Given the substantial investments in email security infrastructure over the past few decades, the current state of email security is surprisingly dismal.
An estimated 22.9 phishing attacks are launched every minute of the day, many of which result in a data breach. That data breach costs an average $8.19 million per incident in the United States5, not to mention the long-term damage to brand reputation and regulatory fines.
Executive spoofing has become commonplace because the core email architecture allows end users (instead of the network) to specify the sending identity. Currently, only around 13% of the Fortune 500 have fully protected their corporate domains5, leading not only to fake messages from the C-suite, but similar attacks including brand impersonation, partner invoice scams, and employee payroll scams.
Even with domains protected, workers can be attacked through techniques such as display name deception and look-alike domains. Email-based scams utilizing these techniques can lead to email account takeover (ATO), which allows cybercriminals to pose as the individual to divert money, steal information, and perform other malicious activities. Making matters worse, new single sign-on (SSO) capabilities can exacerbate the incident, leaving sensitive documents, confidential information, and collaboration tools exposed to unauthorized access.
ATO-based attacks are especially dangerous because they are notoriously difficult to detect and serve as a gateway to lateral movement as threat actors glean important context to compromise additional accounts, escalate their privileges, and gain access to other systems, all of which can result in a data breach across the extended enterprise. We explore a particularly virulent attack modality called vendor email compromise (VEC) in our Silent Starling threat dossier.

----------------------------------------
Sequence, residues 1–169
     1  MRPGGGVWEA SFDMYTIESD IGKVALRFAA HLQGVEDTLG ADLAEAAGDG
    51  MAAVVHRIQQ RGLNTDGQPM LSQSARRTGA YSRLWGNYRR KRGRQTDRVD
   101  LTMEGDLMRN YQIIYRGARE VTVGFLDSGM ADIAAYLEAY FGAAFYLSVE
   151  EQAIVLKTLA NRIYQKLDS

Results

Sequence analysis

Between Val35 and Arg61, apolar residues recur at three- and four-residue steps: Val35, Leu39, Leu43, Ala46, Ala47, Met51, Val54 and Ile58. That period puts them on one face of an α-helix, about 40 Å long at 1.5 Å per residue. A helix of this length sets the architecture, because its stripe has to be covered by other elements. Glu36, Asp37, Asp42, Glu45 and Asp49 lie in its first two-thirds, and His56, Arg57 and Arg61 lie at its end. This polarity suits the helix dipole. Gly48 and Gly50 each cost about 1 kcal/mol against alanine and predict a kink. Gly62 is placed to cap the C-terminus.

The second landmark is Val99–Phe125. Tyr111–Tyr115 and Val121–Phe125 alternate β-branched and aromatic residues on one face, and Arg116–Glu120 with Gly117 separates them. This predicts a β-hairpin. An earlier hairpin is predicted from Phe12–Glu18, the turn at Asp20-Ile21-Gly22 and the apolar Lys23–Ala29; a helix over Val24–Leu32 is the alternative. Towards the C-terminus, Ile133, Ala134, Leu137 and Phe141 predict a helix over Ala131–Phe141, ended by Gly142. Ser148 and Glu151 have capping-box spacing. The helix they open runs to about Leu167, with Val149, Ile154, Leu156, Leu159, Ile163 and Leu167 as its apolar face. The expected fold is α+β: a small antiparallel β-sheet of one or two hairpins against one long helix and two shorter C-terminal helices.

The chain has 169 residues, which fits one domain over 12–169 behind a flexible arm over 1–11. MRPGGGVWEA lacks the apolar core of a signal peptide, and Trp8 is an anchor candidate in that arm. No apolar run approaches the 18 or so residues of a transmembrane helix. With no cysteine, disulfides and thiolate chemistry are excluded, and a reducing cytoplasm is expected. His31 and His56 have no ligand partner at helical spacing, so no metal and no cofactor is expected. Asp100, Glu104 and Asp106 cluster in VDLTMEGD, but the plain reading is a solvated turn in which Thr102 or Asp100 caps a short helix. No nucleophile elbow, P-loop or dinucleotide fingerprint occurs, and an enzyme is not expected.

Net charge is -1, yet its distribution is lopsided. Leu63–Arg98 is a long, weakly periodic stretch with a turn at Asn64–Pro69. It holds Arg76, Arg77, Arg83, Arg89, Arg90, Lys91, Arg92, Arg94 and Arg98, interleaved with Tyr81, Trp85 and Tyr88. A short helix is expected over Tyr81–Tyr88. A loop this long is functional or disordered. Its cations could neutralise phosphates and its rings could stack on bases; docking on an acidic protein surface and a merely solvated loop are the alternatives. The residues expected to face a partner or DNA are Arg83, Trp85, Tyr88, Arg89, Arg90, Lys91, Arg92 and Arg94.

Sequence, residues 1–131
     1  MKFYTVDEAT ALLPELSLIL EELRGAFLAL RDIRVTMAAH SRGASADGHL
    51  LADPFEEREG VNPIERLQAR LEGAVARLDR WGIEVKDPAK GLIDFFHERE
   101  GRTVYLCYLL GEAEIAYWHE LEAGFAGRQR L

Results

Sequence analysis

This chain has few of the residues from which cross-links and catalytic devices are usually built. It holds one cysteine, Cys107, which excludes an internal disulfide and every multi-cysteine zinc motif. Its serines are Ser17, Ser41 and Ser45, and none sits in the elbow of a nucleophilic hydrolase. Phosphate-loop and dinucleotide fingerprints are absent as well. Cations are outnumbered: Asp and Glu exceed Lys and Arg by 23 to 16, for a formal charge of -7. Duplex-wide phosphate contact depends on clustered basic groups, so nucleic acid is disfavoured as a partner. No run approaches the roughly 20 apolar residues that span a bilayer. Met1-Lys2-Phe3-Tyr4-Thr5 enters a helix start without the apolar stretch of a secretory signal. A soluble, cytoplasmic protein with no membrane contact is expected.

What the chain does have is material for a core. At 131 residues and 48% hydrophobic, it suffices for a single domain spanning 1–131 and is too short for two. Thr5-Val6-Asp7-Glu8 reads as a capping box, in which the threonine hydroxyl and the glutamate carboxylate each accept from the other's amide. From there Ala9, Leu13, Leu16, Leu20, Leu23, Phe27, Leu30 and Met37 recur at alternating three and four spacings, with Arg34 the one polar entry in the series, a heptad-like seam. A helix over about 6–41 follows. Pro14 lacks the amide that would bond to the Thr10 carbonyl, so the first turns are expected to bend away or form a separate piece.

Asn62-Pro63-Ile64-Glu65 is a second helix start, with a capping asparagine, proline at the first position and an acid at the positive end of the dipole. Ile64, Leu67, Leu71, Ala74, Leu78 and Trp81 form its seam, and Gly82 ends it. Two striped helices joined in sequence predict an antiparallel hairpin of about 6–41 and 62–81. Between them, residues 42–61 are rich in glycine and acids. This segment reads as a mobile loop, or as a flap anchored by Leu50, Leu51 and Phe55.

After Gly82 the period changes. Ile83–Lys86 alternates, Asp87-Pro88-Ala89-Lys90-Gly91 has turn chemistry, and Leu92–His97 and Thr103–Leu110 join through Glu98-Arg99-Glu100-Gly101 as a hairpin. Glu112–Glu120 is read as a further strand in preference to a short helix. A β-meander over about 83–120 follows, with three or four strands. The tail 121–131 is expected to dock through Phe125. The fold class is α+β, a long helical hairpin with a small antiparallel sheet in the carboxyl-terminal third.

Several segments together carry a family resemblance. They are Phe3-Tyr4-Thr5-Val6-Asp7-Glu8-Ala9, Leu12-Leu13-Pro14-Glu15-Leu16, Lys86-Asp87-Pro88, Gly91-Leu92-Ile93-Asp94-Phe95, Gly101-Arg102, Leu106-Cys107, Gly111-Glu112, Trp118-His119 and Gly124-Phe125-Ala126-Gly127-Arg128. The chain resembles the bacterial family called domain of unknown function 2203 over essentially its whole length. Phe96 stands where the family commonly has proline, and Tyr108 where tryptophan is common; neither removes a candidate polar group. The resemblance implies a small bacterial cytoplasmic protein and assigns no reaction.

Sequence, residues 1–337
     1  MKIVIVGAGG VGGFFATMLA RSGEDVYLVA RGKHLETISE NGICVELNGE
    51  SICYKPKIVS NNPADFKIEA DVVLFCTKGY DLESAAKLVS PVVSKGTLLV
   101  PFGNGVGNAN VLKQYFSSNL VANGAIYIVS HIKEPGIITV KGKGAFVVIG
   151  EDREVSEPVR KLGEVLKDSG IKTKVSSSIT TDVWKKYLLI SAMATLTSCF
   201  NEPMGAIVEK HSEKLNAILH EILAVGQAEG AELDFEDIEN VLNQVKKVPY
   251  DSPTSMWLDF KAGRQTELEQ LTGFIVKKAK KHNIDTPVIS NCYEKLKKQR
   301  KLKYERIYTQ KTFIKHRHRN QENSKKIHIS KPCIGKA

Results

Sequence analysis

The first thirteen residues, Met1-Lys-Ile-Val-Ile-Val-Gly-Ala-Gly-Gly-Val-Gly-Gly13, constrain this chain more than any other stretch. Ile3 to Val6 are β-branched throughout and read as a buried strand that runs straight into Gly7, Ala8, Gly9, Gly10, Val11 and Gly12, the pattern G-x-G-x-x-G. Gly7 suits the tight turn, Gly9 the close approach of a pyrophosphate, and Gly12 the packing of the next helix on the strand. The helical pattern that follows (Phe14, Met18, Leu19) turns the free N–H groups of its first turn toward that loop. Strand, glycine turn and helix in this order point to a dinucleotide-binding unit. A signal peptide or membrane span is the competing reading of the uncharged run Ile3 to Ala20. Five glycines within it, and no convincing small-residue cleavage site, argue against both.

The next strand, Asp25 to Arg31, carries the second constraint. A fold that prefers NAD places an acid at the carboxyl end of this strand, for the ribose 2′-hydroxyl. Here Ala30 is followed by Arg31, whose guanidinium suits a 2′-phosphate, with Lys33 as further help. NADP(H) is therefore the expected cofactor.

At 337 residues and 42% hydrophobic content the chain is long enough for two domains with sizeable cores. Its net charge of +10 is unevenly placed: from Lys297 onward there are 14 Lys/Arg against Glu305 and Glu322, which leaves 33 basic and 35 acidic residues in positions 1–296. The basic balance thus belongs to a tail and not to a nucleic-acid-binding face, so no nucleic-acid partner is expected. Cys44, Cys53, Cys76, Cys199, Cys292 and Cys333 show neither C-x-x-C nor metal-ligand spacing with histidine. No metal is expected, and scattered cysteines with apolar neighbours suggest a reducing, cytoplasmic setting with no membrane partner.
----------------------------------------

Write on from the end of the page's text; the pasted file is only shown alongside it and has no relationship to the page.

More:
Malware, virus, and Trojan attacks are still commonplace, but with effective defenses having moved into Microsoft Office 365, attacks have shifted from targeting network and infrastructure to targeting core human emotions of fear, curiosity, and anxiety. These social engineering attacks come without a recognizable payload, so they typically bypass the SEG with plain-text emails that do not utilize the traditional techniques of malicious URLs and attachments.
For its part, the SEG checks incoming email only on receipt and generally does not re-check the inbox for latent threats that evaded detection or that weaponized post-delivery. The legacy protection also only protects against external attacks as email flows into the organization, completely ignoring the email flowing across the organization.